I've seen those Sonor vintage drums, and those are awesome.
 

Michaelj

Member
Thought I'd post an update for anyone who's interested. I've decided against the round badge, and have now turned my attention towards the Sonor vintage series. I haven't owned a drum kit in a long time (previously had a Sonor Force 3005), so I want to get something good.

I went into my local dealer yesterday and they have this Vintage Series kit in bop sizes. The bass drum is incredible. So much body and low end. It's a used kit, and so I can get a pretty good deal on it.

I just need something to play at home. I might take it out once a month max to small church gigs, and so the 14x20 seemed like a good compromise since it wouldn't take up too much space but would cover me sound-wise in most situations. I don't think I could justify the funds to order in a Vintage Series kit new to get the 20 bass drum, since I don't earn money from drumming. But (and here's the weird part), while I don't think I could spend $4k on a drum kit, I could probably get away spending $2.5k now on the bop kit, and then another $1500 down the line in a few years if I find I need those bigger sizes.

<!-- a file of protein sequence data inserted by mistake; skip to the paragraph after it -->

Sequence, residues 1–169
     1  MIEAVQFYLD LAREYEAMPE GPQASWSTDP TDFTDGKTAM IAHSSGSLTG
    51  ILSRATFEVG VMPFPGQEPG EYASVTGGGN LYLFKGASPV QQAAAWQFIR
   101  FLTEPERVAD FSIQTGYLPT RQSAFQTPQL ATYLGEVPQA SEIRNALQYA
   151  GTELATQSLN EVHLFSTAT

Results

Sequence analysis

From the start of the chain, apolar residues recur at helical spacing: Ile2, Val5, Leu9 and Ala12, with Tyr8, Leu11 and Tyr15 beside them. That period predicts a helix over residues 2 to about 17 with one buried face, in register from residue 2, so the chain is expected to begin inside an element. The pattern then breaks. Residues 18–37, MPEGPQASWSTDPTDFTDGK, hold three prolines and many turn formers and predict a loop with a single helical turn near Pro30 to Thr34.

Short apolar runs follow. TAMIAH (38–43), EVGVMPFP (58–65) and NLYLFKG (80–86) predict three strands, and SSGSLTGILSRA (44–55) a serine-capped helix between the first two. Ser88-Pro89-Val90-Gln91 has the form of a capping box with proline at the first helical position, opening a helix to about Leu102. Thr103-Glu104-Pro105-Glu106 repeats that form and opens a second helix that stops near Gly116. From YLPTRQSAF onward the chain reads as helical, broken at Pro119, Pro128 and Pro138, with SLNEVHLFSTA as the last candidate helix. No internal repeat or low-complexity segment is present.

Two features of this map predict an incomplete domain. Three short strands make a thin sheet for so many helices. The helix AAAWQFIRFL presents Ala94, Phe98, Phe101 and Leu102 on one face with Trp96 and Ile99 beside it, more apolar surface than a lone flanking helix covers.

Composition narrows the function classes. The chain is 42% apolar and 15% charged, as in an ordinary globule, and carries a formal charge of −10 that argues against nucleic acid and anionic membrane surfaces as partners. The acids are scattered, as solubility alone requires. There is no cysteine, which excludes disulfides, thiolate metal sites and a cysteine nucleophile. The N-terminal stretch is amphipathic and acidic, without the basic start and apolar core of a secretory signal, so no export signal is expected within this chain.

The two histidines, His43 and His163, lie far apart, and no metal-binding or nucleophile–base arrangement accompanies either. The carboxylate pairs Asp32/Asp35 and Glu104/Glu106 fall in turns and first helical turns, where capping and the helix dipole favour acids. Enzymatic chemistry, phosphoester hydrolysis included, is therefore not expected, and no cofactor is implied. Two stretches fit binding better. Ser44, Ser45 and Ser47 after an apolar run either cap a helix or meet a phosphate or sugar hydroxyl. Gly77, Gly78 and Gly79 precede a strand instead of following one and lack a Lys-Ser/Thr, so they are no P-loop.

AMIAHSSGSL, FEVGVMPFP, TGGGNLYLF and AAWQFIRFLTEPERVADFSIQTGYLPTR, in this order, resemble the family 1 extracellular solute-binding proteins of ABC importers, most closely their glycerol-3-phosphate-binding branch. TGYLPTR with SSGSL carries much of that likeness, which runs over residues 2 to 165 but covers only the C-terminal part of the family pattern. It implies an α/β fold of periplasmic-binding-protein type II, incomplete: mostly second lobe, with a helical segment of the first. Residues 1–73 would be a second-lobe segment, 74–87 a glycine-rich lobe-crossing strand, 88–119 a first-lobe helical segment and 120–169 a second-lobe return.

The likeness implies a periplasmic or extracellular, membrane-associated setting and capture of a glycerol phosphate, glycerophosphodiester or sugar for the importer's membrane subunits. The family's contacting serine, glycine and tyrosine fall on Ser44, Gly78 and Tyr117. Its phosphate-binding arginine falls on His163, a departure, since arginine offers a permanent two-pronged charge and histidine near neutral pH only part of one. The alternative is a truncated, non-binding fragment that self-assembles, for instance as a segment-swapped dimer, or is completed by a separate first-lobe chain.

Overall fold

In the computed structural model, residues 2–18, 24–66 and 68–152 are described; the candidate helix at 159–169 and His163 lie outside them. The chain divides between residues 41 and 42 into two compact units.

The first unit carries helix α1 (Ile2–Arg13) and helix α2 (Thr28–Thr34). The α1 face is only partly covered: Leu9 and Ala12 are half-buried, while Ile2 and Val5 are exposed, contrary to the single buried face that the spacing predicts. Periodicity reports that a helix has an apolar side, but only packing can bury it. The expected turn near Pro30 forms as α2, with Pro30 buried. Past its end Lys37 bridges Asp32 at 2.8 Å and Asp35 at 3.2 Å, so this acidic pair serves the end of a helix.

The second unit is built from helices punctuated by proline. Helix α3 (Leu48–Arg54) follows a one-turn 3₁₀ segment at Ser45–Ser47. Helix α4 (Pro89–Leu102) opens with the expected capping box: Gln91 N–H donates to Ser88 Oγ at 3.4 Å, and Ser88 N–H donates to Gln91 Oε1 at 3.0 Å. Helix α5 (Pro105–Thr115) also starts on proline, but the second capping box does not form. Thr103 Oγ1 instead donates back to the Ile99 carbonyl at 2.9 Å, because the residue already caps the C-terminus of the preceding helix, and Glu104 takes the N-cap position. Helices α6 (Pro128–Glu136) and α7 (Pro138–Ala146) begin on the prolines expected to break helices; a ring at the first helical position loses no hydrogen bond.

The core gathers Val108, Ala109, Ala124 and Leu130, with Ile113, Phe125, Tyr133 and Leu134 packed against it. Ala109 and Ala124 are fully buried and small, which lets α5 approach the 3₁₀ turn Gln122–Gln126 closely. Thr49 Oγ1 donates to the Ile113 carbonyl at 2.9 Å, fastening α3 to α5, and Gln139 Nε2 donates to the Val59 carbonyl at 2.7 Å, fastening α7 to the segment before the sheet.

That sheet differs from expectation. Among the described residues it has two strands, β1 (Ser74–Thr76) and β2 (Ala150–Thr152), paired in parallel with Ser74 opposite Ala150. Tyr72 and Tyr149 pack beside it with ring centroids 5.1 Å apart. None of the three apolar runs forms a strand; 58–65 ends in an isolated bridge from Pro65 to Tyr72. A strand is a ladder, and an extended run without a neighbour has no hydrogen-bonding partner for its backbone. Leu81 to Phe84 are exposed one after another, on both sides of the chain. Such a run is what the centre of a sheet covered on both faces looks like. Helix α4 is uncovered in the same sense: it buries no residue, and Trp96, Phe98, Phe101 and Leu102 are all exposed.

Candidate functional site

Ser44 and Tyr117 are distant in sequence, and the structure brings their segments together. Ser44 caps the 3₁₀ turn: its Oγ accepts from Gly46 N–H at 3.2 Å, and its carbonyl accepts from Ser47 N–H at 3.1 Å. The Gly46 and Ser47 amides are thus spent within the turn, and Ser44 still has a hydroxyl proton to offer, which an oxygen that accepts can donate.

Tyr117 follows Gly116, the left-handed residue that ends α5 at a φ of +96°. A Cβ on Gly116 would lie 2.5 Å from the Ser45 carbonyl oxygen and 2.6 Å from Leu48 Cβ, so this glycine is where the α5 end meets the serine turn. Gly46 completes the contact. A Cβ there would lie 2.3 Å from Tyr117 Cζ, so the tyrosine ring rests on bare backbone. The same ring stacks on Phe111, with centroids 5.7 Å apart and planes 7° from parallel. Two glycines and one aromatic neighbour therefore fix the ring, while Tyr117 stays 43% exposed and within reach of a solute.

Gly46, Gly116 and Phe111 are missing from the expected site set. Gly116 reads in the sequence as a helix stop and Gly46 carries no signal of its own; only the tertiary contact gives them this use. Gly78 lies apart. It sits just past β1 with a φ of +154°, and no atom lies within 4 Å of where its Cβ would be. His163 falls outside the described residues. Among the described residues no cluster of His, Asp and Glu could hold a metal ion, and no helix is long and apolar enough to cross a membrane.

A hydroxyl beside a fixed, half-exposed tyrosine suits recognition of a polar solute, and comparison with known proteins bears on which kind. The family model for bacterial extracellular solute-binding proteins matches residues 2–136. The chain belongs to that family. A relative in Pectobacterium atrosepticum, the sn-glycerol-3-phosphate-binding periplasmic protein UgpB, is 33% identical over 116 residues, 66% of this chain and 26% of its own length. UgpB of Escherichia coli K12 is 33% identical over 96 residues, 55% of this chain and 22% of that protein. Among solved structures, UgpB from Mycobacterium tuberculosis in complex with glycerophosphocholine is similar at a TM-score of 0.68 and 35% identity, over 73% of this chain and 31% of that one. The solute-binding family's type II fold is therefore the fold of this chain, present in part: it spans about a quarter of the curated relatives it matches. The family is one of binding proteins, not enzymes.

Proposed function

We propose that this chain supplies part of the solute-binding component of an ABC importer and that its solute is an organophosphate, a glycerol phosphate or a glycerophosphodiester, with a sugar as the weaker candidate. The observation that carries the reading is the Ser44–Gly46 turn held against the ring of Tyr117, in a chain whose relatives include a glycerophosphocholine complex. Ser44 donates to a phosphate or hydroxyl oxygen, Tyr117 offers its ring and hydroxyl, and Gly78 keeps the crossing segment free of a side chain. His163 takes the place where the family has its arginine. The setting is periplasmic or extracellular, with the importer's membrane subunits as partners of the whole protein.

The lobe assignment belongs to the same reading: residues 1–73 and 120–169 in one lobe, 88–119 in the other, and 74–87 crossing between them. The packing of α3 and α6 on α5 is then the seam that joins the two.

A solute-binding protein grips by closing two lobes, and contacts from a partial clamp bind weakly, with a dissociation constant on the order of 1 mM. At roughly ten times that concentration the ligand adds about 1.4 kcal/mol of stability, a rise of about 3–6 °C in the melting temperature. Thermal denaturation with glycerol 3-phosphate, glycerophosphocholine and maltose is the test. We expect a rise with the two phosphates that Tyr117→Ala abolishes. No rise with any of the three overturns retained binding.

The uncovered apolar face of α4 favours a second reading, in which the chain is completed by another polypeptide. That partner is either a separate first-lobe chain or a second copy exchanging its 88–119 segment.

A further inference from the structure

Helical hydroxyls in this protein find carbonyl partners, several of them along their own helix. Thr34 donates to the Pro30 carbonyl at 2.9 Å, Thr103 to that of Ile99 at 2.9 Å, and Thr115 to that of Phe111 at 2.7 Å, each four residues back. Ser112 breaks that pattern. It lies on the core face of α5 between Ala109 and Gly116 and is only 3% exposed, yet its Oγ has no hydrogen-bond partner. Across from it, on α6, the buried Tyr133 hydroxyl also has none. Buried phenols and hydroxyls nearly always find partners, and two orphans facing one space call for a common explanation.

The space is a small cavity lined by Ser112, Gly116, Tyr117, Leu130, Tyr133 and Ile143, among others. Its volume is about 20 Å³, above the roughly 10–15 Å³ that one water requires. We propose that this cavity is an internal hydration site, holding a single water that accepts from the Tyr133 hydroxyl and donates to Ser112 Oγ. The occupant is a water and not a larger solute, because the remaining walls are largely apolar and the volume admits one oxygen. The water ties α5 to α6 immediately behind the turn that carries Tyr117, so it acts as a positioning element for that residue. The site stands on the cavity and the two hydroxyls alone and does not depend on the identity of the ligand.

So my dilemma really, is do I pick up the Vintage series bop kit, which might well do everything I ever need anyway, or do I save for another couple of years for the kit with the 14x20? Has anyone used bop kits in a non-jazz setting effectively?

I'm leaning pretty heavily into the idea of picking this kit up, but I just don't want to regret not having the 20". But maybe I never would...
 

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WallyY

Platinum Member
I think you would regret not having the 20.

Old Sonors are my love.
The new Vintage series drums are the classiest looking drums I can think of

I'm not really a fan of full roundover edges, but the Vintage series snare sounds really nice!
 

DaleClark

Senior Member
I love Sonor Vintage series. I wonder the difference in sound between Gretsch Brooklyn and Sonor Vintage. I know they are two different priced series.
 

Michaelj

Member
I love Sonor Vintage series. I wonder the difference in sound between Gretsch Brooklyn and Sonor Vintage. I know they are two different priced series.
The Sonor Vintage shells are phenomenal. I love the clarity and warmth.

I've never heard a gretsch brooklyn in person. They are a cool series though.
 

AzHeat

Platinum Member
I love Sonor Vintage series. I wonder the difference in sound between Gretsch Brooklyn and Sonor Vintage. I know they are two different priced series.
Th Sonor Vintage are more in line with the Gretsch Broadcaster with 45 degree round over bearing edges, etc.